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    ABSTRACT: The assessment of radiation absorbed dose is a fundamental issue to plan nuclear medicine therapies with radionuclides. The dose distribution depends on the biokinetics of the radiopharmaceutical and from the physical decay scheme of the radionuclide carried by the molecule. While the physical properties of each nuclide are well known from experimental data, the biodistribution of the radiopharmaceutical within the patient's body depends on the dynamic biologic pathway that, in turn, is governed by the physio-pathologic role of the molecule, by the characteristics of the patient, by the type and stage of the disease, and by the route of administration.The activity distribution must be sampled several times post-administration, by means of planar or tomographic (SPECT or PET) imaging. Tomographic techniques are rapidly substituting planar whole body imaging, since, thanks also to the accurate attenuation correction and image coregistration brought by a simultaneous CT scan, they reach a spatial resolution and an accuracy in activity quantification unprecedented.After a general review on the planar and tomographic image quantification techniques, we focus on the dosimetric models, going from the different anthropomorphic models proposed for the whole human body or specific anatomic districts, to 3D techniques based on voxel dose factors, convolution of dose point-kernels and direct Monte Carlo computation. Particular emphasis will be given to the contribution of Monte Carlo simulation to the development of new and more accurate dosimetric and microdosimetric models for internal dosimetry, especially in relationship with the radiobiological models of the effect of the different particulate radiations employed.We describe the role, specific protocols and obtainable results in the main nuclear medicine therapies such as the 131-I therapy of thyroid diseases, the therapy of neuroendocrine tumors (NET) with somatostatin analogs labeled with beta- or Auger-emitters, and the therapy of non-Hodgkin lymphomas with beta-labeled monoclonal antibodies, focusing on dose-efficacy relationships and on the limiting of side effects to other potentially critical organs.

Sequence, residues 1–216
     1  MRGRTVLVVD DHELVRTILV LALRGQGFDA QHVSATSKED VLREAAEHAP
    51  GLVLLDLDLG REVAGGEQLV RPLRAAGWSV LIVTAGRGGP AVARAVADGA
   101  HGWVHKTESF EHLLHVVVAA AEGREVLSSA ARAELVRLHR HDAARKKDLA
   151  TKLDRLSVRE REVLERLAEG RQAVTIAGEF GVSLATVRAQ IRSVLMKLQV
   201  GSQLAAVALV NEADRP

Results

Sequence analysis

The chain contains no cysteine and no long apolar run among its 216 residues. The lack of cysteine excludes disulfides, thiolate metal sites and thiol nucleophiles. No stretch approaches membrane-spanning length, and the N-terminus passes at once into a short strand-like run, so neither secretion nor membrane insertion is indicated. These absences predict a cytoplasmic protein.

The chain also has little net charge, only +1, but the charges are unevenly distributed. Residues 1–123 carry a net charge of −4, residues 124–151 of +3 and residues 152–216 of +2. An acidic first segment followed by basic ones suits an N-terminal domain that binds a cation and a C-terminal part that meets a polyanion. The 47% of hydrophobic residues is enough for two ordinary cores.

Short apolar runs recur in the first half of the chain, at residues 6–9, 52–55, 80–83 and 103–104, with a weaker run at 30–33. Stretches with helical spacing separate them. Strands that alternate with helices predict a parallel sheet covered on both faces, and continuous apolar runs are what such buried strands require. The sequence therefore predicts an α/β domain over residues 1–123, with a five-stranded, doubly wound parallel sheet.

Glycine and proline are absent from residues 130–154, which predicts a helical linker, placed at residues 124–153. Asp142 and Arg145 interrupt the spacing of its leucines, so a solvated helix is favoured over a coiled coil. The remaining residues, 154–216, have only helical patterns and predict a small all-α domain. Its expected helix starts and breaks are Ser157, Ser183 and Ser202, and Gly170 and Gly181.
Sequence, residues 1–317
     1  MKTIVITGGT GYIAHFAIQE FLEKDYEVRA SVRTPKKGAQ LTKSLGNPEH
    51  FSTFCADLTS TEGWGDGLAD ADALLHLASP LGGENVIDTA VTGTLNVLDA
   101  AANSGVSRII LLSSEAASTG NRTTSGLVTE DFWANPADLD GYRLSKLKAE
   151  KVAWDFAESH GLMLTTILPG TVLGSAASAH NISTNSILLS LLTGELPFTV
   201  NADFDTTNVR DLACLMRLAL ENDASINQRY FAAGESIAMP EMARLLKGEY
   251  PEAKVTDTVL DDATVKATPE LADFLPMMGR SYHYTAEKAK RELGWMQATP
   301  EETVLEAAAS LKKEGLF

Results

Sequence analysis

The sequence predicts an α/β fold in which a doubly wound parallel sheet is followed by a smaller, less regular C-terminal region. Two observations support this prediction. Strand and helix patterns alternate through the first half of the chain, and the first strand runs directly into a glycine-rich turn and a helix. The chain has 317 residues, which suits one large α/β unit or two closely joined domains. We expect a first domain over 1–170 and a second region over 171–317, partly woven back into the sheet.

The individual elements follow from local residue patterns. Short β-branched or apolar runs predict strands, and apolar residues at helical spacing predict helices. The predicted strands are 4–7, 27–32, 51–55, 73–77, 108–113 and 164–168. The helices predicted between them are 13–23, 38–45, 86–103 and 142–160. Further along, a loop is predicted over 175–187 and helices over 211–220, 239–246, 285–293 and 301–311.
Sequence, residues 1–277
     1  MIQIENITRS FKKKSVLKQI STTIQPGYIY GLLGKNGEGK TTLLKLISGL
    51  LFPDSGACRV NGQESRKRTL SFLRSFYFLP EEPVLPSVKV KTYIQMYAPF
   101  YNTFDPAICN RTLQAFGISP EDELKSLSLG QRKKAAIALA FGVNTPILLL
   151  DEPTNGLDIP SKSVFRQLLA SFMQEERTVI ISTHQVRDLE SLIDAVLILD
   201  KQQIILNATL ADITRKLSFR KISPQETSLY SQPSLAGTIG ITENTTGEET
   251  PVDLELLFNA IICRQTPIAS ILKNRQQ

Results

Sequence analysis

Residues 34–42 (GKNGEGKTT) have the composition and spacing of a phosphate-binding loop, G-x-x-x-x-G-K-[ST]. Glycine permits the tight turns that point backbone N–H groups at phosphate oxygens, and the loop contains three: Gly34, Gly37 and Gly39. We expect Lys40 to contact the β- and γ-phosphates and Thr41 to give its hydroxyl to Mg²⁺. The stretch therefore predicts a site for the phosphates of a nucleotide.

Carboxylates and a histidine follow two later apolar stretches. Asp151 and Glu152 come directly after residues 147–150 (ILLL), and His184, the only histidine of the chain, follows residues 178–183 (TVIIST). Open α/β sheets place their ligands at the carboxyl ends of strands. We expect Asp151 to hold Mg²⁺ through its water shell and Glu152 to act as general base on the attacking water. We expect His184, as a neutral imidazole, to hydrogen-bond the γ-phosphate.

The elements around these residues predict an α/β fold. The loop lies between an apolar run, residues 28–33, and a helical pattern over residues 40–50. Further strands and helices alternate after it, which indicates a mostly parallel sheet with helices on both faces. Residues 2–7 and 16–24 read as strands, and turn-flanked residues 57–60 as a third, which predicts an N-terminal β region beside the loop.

No preview · Article · Mar 2013